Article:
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Big rains fall in western Corn Belt
One of the better precipitation events in quite some time was found in the western Corn Belt over the past 24 hours. Precipitation of over a half inch through 7 AM (Central Time) was common for southeastern Nebraska, far eastern Kansas, much of Missouri, the southeastern two-thirds of Iowa, central/western Illinois, and southern parts of Wisconsin.
In fact, it was not hard to find places in that area getting over an inch (such as Rockford, Dubuque, Iowa City, Cedar Rapids, Ottumwa, Kirksville, and Kansas City). Places like Lamoni, Omaha, and Kansas City easily recorded more precipitation over the past 24 hours than they did for the entire month of October.
Speaking of Omaha, some of their precipitation fell as snow with 1.3 inches recorded at the Omaha airport. Precipitation totals were light in the hard-red winter wheat areas of Nebraska, Kansas, and Colorado (mostly a third of an inch or less) but much of that also fell as snow (with over three inches recorded at Goodland).
Most of the rain from our current weather system will fall in southern parts of the eastern Corn Belt today, but it still looks like Ohio is going to see very little so we will continue to get some needed corn and soybean harvesting done there right through early next week. The northern Plains will see some light precipitation from a storm system of the weekend, but clearly the next big storm to watch arrives for Monday to Wednesday of next week. If anything, the forecast for rainfall from that system looks even better today than it did yesterday for the dry areas of the hard-red winter wheat belt and the western Corn Belt.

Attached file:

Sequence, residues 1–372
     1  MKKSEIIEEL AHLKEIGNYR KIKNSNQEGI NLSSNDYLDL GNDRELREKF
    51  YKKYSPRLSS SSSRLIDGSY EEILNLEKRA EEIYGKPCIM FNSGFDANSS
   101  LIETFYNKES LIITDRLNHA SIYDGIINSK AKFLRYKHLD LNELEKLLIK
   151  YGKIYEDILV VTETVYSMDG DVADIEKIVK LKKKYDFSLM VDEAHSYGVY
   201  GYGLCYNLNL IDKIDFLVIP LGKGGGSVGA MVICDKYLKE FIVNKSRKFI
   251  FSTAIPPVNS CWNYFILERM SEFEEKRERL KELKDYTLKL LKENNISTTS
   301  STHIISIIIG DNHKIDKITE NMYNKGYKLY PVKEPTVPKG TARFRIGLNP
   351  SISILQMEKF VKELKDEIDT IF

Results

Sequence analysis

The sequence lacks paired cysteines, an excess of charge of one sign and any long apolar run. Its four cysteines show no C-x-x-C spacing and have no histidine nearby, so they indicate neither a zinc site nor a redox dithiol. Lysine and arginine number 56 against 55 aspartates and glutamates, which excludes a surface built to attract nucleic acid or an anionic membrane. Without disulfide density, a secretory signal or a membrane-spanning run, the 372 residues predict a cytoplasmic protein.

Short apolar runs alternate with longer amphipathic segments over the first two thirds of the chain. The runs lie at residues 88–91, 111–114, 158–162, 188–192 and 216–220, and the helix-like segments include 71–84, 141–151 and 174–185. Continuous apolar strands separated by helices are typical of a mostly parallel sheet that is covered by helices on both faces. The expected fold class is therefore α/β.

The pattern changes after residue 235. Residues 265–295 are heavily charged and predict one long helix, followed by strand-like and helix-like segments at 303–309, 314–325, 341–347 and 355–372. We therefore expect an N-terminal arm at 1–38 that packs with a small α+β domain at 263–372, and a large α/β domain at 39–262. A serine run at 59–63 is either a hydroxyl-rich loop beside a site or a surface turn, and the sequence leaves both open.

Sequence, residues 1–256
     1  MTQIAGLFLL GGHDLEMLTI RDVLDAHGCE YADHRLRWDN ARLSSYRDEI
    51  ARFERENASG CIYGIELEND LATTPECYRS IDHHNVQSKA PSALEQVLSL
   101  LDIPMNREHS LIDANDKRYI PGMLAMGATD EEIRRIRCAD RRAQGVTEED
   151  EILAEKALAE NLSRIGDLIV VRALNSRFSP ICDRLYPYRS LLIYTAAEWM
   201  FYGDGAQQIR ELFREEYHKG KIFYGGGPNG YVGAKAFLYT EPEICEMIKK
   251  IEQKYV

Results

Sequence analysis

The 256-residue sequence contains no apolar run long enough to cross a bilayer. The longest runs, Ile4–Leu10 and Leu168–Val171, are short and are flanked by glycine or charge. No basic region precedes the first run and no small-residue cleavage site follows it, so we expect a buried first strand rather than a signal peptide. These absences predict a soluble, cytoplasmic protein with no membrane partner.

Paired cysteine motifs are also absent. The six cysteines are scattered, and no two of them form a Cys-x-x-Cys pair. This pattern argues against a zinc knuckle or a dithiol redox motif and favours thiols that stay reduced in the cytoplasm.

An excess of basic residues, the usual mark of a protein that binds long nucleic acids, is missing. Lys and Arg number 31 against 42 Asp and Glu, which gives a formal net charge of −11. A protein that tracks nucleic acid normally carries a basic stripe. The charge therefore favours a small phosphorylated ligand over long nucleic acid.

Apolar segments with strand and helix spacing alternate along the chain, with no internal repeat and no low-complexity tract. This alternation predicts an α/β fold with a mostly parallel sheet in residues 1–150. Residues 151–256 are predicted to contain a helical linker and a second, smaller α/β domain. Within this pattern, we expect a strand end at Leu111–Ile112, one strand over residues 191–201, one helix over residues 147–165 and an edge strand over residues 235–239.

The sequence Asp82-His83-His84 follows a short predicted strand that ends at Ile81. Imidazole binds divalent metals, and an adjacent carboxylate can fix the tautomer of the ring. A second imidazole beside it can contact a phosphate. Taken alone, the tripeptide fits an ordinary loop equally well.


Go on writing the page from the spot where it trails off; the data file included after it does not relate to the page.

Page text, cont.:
Just for Monday and Monday night, the eastern two-thirds of Kansas, all of Oklahoma and Texas to the east of the panhandles, and all but the far northwestern Corn Belt will probably see at least another half inch of rain but there is clearly going to be a lot of one- plus inch totals in some of that same area. Precipitation further west in the hard-red belt looks lighter but at least some will fall.
The bad news about that storm is that it will eventually bring rainfall back into the wet eastern Corn Belt and could very well mark the start of another wet period of weather there that may last through the end of the two-week forecast. Any crops that are not harvested in Ohio by around next Tuesday may be staying in the field for quite a while.
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